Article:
Well, found out the WordPress iPhone app only works so-so while I was in Italy for the past 10 days. Oh well! So, I haven’t been to Italy in 11 years and my knowledge and palate for coffee has grown and changed tremendously in that time. I definitely don’t think Italy is the “gold standard” anymore, but I was still pleased with the coffee I had there. Here’s my experience:
First off, I had to take care of coffee for eight (well, really only 4 regular and 2 once-in-a-while) coffee drinkers in the apartment we rented (in Trastevere… place was GREAT and very well-situated. LOVED it). As I suspected it had both a small and a medium sized moka pot, so that was nice. The alimentari (like a bodega/corner store/tiny local neighborhood convenience store but one with fresh meats and cheeses and breads!) at the bottom of the building didn’t have much to offer, but a quick trip to the grocery store (Conad, hard to find because it’s in the basement of the Oviesse clothing store on Viale de Trastevere) yielded a two-brick vacuum pack of Lavazza Oro for like four Euros (a little over $5). Yes, it’s preground, blah blah blah but that’s pretty much what you get in Italy where, if you’re making coffee at home, you have a moka pot and no grinder or anything.
It’s hard to beat the moka pot. It’s fast, simple and it makes good coffee (although people often mistakenly refer to it as “espresso” when it really doesn’t qualify, technically). There are a couple tricks to it… don’t tamp the coffee in the basket as much as you will be tempted to, and also don’t rush it. Take it nice and relatively slow. You should have a thin stream of black coffee coming up through the spout… don’t be tempted to try to blast water through there fast. Also, you’ll get a lot of stratification where the initial stuff that come up is nice and concentrated and the rest is pretty thin, so use a small spoon to stir it in the pot a little before you pour.
Our larger moka pot probably used 20-ish grams of ground coffee, if I had to guess, and that was enough for three good-size American cups diluted with some water. In fact, I was surprised to learn that I liked the moka coffee cut with about the same volume of very hot tap water more than drinking it straight. That was definitely the way to go. I made 1-3 moka pots every AM and we still had most of the 2nd brick of coffee left over, so it doesn’t use much and it’s terribly affordable there. I was tempted to buy Illy, too, but I am a sucker for those cool vacuum packed bricks which remind me of the days I lived in Rome as a kid, so I skipped the Illy can that was also available for a couple more Euros at the Conad.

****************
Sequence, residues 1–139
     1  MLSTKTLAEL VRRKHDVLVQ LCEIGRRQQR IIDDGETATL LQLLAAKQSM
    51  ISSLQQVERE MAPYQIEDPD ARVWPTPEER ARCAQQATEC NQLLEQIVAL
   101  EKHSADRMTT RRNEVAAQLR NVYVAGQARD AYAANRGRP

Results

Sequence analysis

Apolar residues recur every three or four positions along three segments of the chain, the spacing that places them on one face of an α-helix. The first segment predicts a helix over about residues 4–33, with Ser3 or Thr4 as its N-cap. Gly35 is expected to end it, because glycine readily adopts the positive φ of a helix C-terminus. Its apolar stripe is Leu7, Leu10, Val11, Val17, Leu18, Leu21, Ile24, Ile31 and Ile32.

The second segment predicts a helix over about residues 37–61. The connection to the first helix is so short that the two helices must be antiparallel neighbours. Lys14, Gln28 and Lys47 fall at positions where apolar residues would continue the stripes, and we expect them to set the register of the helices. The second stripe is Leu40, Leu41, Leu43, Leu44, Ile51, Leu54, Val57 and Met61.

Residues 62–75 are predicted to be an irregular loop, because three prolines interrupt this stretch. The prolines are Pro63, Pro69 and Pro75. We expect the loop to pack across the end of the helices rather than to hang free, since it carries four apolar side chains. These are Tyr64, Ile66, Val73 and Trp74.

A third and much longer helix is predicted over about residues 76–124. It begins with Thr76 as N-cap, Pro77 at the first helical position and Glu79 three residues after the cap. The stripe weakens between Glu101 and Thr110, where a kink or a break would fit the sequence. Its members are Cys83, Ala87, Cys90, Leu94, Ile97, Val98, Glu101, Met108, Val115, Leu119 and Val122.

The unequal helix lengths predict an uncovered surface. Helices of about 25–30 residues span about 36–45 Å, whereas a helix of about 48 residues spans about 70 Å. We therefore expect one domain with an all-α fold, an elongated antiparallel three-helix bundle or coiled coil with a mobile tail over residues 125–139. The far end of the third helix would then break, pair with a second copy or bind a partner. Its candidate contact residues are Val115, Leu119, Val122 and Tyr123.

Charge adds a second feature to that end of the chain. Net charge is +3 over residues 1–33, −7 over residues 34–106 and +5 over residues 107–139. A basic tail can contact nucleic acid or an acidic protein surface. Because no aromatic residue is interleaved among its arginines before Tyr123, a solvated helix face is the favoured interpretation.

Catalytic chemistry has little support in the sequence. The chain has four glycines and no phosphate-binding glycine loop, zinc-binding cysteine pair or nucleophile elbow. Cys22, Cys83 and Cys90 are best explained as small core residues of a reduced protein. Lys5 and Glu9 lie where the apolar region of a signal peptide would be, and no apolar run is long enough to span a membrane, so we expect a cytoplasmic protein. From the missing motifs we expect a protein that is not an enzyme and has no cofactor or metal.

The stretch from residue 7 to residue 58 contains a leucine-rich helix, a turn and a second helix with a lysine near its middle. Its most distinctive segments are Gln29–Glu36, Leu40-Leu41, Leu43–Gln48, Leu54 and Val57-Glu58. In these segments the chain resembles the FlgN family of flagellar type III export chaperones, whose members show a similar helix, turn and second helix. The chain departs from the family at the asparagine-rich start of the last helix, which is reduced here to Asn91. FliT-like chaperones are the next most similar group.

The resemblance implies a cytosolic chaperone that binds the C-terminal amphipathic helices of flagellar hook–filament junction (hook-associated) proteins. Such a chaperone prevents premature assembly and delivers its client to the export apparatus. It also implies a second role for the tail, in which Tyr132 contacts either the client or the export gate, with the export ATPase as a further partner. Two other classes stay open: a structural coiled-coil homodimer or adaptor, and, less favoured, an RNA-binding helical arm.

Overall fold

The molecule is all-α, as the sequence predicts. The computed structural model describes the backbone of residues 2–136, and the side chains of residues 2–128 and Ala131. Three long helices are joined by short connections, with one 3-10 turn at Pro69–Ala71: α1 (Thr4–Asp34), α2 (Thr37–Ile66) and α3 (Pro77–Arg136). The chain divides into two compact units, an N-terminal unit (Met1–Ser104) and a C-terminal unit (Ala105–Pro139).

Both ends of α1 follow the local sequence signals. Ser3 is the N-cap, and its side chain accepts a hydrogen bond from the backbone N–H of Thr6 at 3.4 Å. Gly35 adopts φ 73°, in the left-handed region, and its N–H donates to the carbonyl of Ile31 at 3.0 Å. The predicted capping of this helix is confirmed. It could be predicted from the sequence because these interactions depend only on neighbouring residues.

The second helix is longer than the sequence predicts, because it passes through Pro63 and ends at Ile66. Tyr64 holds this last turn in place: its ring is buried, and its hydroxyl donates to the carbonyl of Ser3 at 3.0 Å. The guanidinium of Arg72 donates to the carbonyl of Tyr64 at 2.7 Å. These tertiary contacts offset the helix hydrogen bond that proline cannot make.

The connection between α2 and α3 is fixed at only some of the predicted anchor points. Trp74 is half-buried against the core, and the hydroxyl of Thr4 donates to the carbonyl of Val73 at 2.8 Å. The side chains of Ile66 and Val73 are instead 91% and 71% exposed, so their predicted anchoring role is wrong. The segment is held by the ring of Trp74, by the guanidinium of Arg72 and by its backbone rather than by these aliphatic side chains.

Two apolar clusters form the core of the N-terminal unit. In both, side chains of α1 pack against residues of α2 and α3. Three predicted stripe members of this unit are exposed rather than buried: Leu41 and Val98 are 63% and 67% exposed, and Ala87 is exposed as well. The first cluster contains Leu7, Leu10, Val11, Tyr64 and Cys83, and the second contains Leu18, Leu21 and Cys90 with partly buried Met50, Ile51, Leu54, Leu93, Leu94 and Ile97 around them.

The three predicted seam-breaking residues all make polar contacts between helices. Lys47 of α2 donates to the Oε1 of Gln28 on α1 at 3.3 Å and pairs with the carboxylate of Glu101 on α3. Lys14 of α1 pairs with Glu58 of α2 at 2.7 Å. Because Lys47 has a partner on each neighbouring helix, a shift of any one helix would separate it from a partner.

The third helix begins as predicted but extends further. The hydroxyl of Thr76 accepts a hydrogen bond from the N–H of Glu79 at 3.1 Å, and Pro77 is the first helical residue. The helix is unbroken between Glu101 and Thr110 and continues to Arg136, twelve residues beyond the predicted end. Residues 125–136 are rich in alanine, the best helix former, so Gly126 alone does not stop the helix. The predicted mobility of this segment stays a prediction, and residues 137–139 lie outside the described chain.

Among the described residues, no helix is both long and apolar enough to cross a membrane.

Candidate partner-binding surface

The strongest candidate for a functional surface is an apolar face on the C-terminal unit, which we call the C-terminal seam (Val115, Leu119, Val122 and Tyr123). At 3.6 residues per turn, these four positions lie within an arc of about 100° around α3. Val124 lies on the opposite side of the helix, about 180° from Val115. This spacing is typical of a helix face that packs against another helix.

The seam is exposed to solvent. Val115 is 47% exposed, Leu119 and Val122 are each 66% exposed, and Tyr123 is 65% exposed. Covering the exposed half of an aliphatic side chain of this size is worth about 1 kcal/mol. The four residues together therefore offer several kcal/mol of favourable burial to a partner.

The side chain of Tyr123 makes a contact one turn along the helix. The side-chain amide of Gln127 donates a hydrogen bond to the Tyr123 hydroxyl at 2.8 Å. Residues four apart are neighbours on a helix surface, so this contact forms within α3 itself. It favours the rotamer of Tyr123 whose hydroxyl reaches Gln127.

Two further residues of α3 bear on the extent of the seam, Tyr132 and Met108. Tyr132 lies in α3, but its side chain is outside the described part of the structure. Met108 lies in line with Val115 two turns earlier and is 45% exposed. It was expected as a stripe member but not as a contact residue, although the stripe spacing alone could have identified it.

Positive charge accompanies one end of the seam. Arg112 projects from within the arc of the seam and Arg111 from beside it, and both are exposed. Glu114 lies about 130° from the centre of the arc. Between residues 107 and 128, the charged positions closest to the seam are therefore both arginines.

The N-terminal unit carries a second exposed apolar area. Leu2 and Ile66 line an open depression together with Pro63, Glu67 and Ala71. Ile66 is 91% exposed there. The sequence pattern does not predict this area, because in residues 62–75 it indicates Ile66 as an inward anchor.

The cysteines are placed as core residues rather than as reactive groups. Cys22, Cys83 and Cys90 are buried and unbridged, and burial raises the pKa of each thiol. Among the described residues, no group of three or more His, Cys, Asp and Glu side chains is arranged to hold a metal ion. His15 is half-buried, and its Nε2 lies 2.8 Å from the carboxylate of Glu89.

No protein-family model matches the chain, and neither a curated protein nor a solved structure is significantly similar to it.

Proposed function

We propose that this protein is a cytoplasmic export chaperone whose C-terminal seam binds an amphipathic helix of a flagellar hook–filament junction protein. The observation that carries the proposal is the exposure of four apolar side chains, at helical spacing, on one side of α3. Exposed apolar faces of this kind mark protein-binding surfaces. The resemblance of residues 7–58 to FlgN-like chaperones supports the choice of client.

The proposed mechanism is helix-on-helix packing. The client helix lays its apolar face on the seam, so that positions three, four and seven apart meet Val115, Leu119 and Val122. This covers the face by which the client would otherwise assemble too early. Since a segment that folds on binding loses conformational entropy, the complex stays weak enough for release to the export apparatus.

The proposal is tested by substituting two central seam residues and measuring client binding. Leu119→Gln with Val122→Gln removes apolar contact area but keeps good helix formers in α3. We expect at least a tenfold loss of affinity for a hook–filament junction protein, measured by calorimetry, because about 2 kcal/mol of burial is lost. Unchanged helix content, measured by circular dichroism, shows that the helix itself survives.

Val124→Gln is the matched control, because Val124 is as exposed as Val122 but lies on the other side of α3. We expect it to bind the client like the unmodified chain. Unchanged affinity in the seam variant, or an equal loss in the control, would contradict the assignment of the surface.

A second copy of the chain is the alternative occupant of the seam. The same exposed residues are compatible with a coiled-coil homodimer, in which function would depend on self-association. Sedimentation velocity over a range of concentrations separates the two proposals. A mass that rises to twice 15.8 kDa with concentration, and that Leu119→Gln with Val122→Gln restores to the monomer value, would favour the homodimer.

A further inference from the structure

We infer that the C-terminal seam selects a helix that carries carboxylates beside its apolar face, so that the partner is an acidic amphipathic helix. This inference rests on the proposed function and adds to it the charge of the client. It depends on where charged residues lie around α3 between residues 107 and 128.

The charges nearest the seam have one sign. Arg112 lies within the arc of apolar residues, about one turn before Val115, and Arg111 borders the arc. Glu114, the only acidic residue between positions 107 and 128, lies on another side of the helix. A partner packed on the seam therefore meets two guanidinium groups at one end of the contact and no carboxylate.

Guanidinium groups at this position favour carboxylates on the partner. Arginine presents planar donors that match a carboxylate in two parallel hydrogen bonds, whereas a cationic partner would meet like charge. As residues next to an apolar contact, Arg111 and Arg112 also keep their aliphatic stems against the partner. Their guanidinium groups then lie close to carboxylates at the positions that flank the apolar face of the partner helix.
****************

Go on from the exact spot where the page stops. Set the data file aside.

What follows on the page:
You may get a little confused by the Lavazza offerings. I saw only Oro (gold) and Rossa (red) available in the shops I noticed it in. As you would expect, the Oro is a little pricier and is supposed to be higher quality. In fact, the packaging says “100% Arabica” as Italian blends very often contain robusta beans, which the Rossa does. Lavazza makes a half dozen other blends but I didn’t see them anywhere.
If you’re renting an apartment in Italy and they don’t have a coffee maker, don’t despair. I saw moka pots everywhere, although they seemed to be a little fancier and have a bit higher price than I expected, although it could be a nice souvenir to take home, too. Or, just do what most Italians do, skip it and go to the bar for it. If you’re staying in a city you can’t walk a block without running into a bar with an espresso machine and Italy regulates the price on coffee, so as long as you’re standing at the bar to drink it, you’ll pay about one Euro (€1) for it universally. A couple places charged me as little as €0.90 (90 Euro cents) and as much as €1.20 but you don’t have to worry about running into a $4 espresso like you do in the States. Except in Piazza San Marco in Venezia where a real asshole runs one of the bars, but that’s for Part 2…